Approximately $93 million dollars and $77 million dollars, respectively, in 2011$.
 The Co-Operator, August 1, 1914, F.W. Dohrmann, Business Events, CHS Library; Dohrmann Family Papers, Bancroft Library; Odell and Weidenmier, “Real Shock,” 1003; San Jose Mercury, July 8, 1906, August 15, 1906.
 The Co-Operator, August 1, 1914; F.W. Dohrmann, Business Events, CHS Library; Dohrmann Family Papers, Bancroft Library.
 Approximately $106,000 in 2011$.
 The Co-Operator, August 1, 1914; Dohrmann Family Papers, Bancroft Library; San Francisco Bulletin, January 23, 1875; San Francisco Chronicle, July 19, 1914; Submission to the National Cyclopedia of America Biography, F. W. Dohrmann and B. Bickel Papers, MS 460, California Historical Society Library.
 Helen Dohrmann Van Blair, interview with the author, April 6, 1998; Robert W. Dohrmann, interviews.
 Translation of an article in the California Demokrat, July 19, 1914. Translator Anonymous. F.W. Memorial Scrapbook, author’s collection.
 Tribute by San Francisco Chamber of Commerce, July 24, 1914; Dohrmann Family Papers, Bancroft Library.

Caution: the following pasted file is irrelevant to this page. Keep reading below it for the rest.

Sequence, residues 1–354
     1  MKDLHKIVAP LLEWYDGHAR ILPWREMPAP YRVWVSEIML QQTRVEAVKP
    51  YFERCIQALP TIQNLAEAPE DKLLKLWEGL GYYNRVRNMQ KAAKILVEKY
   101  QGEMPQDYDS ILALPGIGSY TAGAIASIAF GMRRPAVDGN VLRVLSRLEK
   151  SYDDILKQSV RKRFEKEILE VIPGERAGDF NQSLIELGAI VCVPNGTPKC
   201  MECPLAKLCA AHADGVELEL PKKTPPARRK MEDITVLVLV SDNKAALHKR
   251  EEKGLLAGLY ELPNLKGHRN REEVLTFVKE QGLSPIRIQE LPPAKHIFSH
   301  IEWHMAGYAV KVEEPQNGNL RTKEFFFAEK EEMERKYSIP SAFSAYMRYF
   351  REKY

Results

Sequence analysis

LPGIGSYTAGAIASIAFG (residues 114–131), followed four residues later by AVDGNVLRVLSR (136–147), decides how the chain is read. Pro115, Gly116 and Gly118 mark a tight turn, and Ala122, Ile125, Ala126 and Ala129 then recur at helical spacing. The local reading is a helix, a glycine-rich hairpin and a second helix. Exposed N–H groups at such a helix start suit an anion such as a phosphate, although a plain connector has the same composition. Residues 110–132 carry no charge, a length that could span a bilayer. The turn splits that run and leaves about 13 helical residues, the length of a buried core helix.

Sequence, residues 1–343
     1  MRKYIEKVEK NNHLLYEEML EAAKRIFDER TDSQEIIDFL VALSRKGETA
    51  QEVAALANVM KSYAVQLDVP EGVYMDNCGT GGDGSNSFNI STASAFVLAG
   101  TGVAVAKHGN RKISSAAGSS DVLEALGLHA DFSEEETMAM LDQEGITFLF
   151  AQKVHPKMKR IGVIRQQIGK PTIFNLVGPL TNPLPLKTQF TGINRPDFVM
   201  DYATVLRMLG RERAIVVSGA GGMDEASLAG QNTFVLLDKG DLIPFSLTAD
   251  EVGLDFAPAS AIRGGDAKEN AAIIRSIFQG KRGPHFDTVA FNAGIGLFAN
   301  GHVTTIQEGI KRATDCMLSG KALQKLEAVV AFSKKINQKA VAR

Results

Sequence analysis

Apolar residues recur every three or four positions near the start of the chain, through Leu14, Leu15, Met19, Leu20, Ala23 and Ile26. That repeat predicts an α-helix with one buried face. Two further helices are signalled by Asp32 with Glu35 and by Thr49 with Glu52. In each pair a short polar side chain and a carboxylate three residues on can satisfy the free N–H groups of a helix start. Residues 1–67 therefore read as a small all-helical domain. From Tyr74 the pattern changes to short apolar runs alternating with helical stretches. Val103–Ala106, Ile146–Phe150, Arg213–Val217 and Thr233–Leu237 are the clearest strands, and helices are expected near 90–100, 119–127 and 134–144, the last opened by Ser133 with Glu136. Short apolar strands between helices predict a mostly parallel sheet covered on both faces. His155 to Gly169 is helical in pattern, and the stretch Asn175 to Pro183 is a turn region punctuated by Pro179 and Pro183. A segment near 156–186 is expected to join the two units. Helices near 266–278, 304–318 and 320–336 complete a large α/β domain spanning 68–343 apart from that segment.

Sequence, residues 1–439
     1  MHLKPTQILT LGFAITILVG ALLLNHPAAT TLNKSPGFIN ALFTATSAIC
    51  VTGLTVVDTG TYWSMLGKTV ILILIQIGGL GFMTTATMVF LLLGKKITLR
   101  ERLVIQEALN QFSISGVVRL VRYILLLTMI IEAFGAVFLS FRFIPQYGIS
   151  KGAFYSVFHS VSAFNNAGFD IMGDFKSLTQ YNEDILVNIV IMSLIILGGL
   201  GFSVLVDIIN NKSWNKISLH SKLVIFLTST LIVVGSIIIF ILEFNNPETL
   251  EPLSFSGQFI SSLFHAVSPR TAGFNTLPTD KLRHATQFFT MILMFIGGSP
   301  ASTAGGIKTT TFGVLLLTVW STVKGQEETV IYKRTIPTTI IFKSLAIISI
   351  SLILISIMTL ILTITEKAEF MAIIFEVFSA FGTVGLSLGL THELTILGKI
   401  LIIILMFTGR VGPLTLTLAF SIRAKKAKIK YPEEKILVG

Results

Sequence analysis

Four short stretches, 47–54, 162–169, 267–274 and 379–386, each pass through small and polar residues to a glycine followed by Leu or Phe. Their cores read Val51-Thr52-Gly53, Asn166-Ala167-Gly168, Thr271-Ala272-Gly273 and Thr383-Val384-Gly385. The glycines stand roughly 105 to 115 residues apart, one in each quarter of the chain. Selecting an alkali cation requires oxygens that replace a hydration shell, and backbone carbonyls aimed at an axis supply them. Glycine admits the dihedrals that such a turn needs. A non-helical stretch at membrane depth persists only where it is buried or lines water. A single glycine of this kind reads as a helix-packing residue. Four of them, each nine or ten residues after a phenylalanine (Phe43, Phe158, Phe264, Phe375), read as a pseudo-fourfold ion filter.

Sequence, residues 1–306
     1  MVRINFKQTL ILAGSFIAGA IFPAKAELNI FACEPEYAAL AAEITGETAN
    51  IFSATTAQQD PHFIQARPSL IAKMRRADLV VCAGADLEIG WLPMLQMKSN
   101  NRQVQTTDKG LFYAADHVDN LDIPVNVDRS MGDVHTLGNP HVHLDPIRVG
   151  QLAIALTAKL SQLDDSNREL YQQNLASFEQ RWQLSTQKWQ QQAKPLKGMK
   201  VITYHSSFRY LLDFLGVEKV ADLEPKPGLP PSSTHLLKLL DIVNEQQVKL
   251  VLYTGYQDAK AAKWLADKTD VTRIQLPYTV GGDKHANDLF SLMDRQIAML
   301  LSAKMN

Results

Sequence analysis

F.W. Dohrmann Memorial Scrapbook; Oakland Tribune, July 21, 1914.
 Conzen, “Germans,” 406; Kathleen Neils Conzen, “Phantom Landscapes of Colonization: Germans in the making of Pluralist America,” in The German-American Encounter: Conflict and Cooperation between Two Cultures, 1800-2000, edited by Frank Trommler and Elliott Shore (New York: Berghahn Books, 2001), 10-11; Robert Dohrmann, interview; Issel and Cherney, San Francisco, 50; Roberta J. Park, “German Associational and Sporting Life in the Greater San Francisco Bay Area, 1850-1900,” Journal of the West 26:1 (January, 1987): 47-65, here 48; San Francisco Bulletin, September 9, 1914.
 Conzen, “Phantom Landscapes,” 13.